A Modern 'Marvel' Returned to its Berth, SSN Nautilus is Living History
27 Oct 2022
The enduring wonder of the SSN Nautilus, the world’s first operational nuclear-powered submarine, isn’t what it was when it was introduced to the world in 1954.
But, remarkably enough, as the vessel floats at its retirement home on the east bank of the Thames River, 67 years after its maiden voyage in January 1955, the public can still safely visit this National Historic Landmark “and see the marvel it actually is,” according to Lt. Andrew Mixon, the boat’s executive officer.
The Nautilus returned to its retirement home at the Submarine Force Museum, just outside the main gate at the Naval Submarine Base in Groton, in August and was re-opened to the public on Sept. 9 after a 10-month, $36 million refurbishing. The ceremony was befitting the grand dame of the sub fleet, with a full stage of elected officials, Navy officers past and present, and other dignitaries on hand.
“I’m not normally a huge fan of ceremonies in general,” Mixon said, “but that ceremony was ecstasy to me. It was the most packed it’s been ever since I’ve been here. There was a lot of community support.”
The Nautilus that returned to its berth featured a fresh coat of black paint, repairs to its superstructure and a new topside deck, but it also had work done below the waterline, including hull restorations.
A testament to the Nautilus’s forward-thinking design, Achives Director Wendy Gulley noted that visitors below deck will not feel like they’ve gone back in time. “There’s nothing that screams 1950’s,” she said.
Mixon said that when he boards the Nautilus, “It has a similar feel to any other operational boat, just the way it’s laid out. Yep, I would understand how to set up the whole thing. And, he added, “There’s no as much that’s different as you thought there would be.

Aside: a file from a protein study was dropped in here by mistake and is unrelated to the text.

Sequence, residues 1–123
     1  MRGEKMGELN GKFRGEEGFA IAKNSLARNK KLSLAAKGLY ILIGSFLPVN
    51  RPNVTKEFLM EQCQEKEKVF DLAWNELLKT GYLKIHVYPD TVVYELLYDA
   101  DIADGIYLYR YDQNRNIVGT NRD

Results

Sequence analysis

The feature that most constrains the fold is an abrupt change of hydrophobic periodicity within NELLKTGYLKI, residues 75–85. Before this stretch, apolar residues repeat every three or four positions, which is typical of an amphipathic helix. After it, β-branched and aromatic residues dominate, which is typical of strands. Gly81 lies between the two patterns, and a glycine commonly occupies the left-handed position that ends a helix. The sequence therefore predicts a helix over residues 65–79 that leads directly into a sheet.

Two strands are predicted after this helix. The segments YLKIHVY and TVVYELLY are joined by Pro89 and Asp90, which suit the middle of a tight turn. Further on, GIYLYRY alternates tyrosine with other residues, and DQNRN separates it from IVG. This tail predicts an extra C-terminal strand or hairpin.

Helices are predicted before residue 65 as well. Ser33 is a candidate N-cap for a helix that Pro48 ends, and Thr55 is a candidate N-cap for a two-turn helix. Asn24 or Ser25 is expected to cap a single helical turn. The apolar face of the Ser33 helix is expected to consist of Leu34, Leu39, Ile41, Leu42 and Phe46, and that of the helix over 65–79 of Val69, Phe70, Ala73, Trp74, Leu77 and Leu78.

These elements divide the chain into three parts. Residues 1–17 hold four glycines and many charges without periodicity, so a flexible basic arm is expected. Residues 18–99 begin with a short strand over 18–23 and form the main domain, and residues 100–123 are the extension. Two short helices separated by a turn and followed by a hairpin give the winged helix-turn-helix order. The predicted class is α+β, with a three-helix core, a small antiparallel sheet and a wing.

In fact, the ice cream machine on the Nautilus is the exact same model as the last ship Mixon served on, the supercarrier George H. W. Bush, which was launched in 2006. “That blew my mind.”
For those who’ve visited the Nautilus before, what they’ll notice most is that the area containing the weapons shipping hatch, where torpedoes are loaded, is now well lighted to improve the viewing experience. But other than some new doors being added to improve staff access, visitors won’t notice much different from ship that completed the first crossing of the North Pole in August 1958 and went on to achieve numerous submerged speed and distance records.
“Looking around it, it feels similar to any other operational boat,” Mixon said.
To advance the Nautilus’s current mission, which is to serve as the most visible ambassador for the Navy Nuclear Propulsion Program, its story comes to life without having to board the ship. Introduced in 2020, the Augmented Reality Experience enables users to view their actual surroundings while aboard and enhance them with interactive, computer-generated experiences on their mobile device. Accessible by scanning a QR code and downloading an app, the ARE offers 360-degree views of the Nautilus’s interior, an ideal alternative for those who are unable to tour the ship’s interior.
Mixon said a host of additional projects to preserve and present the Nautilus, as well as augment the museum’s offerings, already are in the planning stages. “The Navy is going to continue to find ways.” Mixon said, “to support the public’s experience at the museum and support the Nautilus at the same time.”